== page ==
Be a bad-ass. Make the world a better place…
“Let’s get Grandma tattooed.” My daughter said.
“Okay.” I said
We didn’t drag Mom to get a tattoo. She went willingly. Would Mom pick a skull and crossbones? A dragon? A stingray?
As I watched Mom’s tattoo take shape, I finally knew what I wanted to be when I grew up, a badass. Really, I’m grown up, way up, but I was never able to pin down just what it was that I wanted to be. A veterinarian? Wait, no, a marine biologist? An artist?
I ended up stuck in retail, as a retail warrior. Retail warriors were a company’s idea designed to make you feel like a valued part of a team. Money would’ve worked better.
Wanting to be considered a valuable asset, I dressed up as a warrior for the annual Halloween costume contest. I had a shield with a dragon and a real looking plastic fake sword. In case I was mocking the establishment, which I was, my superior asked, “Just who are you supposed to be?”
Without hesitation I answered, “Boudicca, leader of the Iceni who led her Celtic tribe in rebellion against occupying Roman forces in 60 or 61 A.D. Celtic men were okay with a woman ruler, but the Romans weren’t. They took her land, flogged her, and raped her daughters. Boudicca was a badass warrior. Look her up.”
“Okay.” My superior said and walked away. That was either too much information or she knew I wasn’t buying the company’s propaganda. My coworkers voted my costume the winner. I received free product samples and Smarties which made me feel valued. It was one of my proudest moments. Badass had a heady feeling like a beer before lunch.
History was full of badass women. You didn’t hear about most of them. At age sixteen, Sybil Ludington rode nearly forty miles, twice the distance of Paul Revere, to muster her father’s militia. Sybil was the oldest of twelve children. She probably helped wipe noses and changed poopy diapers before that ride and groomed her horse after too. There are those who doubt that she even existed.
Annette Kellermann promoted women’s rights to wear a fitted one-piece bathing suit instead of pantaloons. In 1907, she was arrested for indecency. Society would rather have a woman risk sinking like a rock and drowning than to reveal a little leg.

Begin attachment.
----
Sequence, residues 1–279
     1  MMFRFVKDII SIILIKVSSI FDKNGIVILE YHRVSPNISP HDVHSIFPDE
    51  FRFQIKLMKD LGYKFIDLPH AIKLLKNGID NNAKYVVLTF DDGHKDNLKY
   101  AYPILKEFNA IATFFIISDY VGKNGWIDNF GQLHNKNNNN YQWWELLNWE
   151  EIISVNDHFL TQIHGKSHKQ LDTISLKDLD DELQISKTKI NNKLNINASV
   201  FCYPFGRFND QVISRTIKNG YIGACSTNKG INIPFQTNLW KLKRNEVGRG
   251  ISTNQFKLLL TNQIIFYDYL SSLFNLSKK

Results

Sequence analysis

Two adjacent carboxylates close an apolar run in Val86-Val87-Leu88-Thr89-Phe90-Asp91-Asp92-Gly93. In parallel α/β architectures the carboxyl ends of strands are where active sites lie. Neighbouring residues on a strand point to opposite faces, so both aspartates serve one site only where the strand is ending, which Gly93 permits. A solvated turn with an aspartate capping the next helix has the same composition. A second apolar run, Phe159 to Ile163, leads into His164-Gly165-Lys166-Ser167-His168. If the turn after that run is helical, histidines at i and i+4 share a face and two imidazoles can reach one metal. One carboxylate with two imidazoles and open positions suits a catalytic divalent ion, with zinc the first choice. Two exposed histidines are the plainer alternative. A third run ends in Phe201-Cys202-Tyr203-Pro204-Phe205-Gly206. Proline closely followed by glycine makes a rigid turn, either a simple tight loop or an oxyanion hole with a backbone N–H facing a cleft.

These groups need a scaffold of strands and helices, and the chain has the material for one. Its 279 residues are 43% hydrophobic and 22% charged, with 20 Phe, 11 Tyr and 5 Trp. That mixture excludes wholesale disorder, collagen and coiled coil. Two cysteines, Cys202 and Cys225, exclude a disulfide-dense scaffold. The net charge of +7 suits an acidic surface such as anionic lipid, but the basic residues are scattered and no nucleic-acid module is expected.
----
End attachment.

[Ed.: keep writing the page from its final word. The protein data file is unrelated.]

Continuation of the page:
Fifteen year old Claudette Colvin was handcuffed and arrested for refusing to give up her seat on an Alabama bus, nine months before Rosa Parks. Three strikes were against her. She was a teenager, female, and black, but badassery at its best.
Rachel Carson, a biologist and environmentalist, stood behind her warning about the harmful effects of pesticides despite the threat of lawsuits from the chemical industry. It was suggested that she was a hysterical alarmist and probably a communist because she was physically attractive but unmarried. At that time, communist was a polite way to call a woman a bitch because she was smart and didn’t accept bullshit.
Throughout history, badass women were called troublemakers, mocked, arrested, shamed, or killed. Badass women changed the world. We have freedom, bikinis, can vote, sit where we damn well please, and DDT was banned.
Mom chose a butterfly tattoo. My daughter posted a picture on Face book. Mom’s sister, Mim, went ballistic.
“Relax, it’s henna.” Mom said.
“I was beginning to worry about you.” Mim said.
The tattoo represented not a loss of marbles, but Mom’s independent streak. Many women of Mom’s generation were adherents to societal norms. If something didn’t make sense to Mom, I never watched her nod her head in agreement.
My mom was a badass with a butterfly. Though the henna would fade, stepping into badass would remain with me and her granddaughter. We should all be so lucky to know such a woman.